as well as many smaller fans at the base of other ranges, showed no signs of faulting. Their radial slopes were smooth and unbroken. The small range or block
fig. 43, appears to be cut off from the larger block, B, by the gorge of the Urtatakoi (Chu) River. The post-road goes north through the gorge, but we turned eastward and followed the aggraded trough between ranges C and D, directly to the lake. A dry-stream bed, gathering all the wash from the piedmont gravels of the much higher range, D, on the south, was pushed close to the base of the back slope of the smaller range, C, on the north, sometimes even undercutting the base of its spurs. The northern range was, where we saw it, composed of rough conglomerates and sandstones, dipping steep to the south, and to all appearance much older than the modern conglomerates of the Issik Kul basin. Their strike to the east-northeast ran obliquely to the trend of the range. The strata were obliquely truncated by the general back slope of the range, as in figure 44. The conglomerates and sand
stones, generally dull-red on fresh surfaces, were so darkly weathered with " desert varnish " that we at first took them to be basaltic lavas ; they were often cut by black
Fig. 44.—Ideal Section from Range C to D, Figure 43, dikes. The northern face of this range was looking east.
much steeper than the southern. Range
on the south, gave no conclusive evidence of block-faulting, for it was much dissected ; but its comparatively straight northern base-line and the great body of waste that has accumulated beneath it are suggestive of differential movements, with the appropriate consequences of degradation of the uplifted block and aggradation of the depressed block. A few knobs of rock rise through the piedmont gravel slope. They may be interpreted as remnants of narrow blocks, on Gilbert's theory of faulting, or as remnants of a broader mountain mass on Spurr's theory of compound erosion of the Utah-Nevada ranges.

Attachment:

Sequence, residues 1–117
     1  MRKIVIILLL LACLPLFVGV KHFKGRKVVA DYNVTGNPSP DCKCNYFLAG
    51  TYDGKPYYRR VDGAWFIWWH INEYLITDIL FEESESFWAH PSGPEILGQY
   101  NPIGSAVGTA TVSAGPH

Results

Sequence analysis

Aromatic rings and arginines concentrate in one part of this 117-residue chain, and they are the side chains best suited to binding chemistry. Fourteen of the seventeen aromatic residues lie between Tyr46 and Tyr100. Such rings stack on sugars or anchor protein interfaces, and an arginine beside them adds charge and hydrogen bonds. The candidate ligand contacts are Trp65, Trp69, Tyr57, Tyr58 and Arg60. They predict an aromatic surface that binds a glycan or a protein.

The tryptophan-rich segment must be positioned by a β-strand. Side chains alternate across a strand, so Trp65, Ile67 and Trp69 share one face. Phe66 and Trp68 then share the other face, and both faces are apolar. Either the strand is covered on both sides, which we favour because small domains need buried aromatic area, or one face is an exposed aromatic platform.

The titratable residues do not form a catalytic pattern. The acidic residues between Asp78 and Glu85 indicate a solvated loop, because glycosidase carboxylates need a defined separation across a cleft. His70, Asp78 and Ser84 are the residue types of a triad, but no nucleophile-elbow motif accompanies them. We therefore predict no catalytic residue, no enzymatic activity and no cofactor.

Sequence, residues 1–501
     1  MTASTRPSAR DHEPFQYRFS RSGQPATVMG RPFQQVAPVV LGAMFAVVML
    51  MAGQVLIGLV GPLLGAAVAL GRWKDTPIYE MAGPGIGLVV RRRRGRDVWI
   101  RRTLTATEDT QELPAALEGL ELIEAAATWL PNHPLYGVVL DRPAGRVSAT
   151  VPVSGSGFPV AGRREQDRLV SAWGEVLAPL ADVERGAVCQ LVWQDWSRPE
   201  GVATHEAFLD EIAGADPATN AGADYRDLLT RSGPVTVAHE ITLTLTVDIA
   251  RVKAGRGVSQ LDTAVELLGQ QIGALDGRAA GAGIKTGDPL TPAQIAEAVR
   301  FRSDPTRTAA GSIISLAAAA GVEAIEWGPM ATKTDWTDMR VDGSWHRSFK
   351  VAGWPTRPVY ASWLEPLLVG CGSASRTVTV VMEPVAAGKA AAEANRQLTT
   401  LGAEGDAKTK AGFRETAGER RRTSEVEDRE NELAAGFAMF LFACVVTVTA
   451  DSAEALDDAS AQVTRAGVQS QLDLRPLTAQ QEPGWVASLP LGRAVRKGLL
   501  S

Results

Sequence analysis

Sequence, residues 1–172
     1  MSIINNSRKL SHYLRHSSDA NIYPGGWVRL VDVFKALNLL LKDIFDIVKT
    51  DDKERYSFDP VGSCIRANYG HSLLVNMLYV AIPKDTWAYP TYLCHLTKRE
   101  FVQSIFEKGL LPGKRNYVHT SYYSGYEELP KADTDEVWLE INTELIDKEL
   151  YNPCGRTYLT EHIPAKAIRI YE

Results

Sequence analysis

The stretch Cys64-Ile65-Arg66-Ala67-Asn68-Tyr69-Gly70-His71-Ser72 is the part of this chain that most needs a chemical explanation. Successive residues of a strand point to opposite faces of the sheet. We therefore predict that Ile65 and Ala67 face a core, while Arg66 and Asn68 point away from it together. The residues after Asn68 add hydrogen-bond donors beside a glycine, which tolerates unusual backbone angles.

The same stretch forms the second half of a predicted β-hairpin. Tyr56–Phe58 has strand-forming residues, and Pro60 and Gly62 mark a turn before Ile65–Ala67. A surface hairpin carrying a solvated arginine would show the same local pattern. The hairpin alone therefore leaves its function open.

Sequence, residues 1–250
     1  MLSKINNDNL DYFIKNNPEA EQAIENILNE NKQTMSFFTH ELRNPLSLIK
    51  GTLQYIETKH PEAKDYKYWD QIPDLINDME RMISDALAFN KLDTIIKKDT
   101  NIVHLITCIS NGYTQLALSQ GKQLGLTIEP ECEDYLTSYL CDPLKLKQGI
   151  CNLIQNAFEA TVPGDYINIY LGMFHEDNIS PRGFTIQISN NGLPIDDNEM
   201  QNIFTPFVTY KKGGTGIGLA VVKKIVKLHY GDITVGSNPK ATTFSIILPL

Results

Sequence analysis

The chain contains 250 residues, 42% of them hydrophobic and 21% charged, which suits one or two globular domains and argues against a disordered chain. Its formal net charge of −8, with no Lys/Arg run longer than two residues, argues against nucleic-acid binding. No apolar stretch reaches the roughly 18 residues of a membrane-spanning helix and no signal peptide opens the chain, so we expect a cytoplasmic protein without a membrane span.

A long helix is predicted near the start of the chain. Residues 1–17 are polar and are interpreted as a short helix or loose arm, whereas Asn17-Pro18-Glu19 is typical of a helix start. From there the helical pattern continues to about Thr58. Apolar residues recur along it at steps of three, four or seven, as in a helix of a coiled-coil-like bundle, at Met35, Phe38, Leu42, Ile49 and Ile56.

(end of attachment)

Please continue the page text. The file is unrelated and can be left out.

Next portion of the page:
The Kungei Ala-tau, north of the west end of Issik Kul, is a dissected block-like mass with a plateau-like crest. It rises and becomes more and more dissected to the east. There is much evidence of subordinate faulting along part of its southern base, as will be more fully set forth in the chapter on Issik Kul. North of the middle of the lake this range is of well-developed Alpine form, with cirques and glaciers that are further described in the chapter on glacial records.
It may here be noted that earthquakes, of no infrequent occurrence in the Tian Shan, are regarded by Mushketof (189o) as due to movement on fault lines along the base of certain ranges, the Alexander range being one. The shocks by which Vyernyi was destroyed on May 28, 1887 (0. S.), were ascribed by this observer to a fault along the northern base of the Trans-Ili Ala-tau. The shocks continued for about two years. Wosnessensky (1888) showed that they varied with the changes of atmospheric pressure, increasing with the occurrence of low pressure. We were told that Sazanovka, a Russian settlement on the north side of Issik Kul, was destroyed by an earthquake six years ago.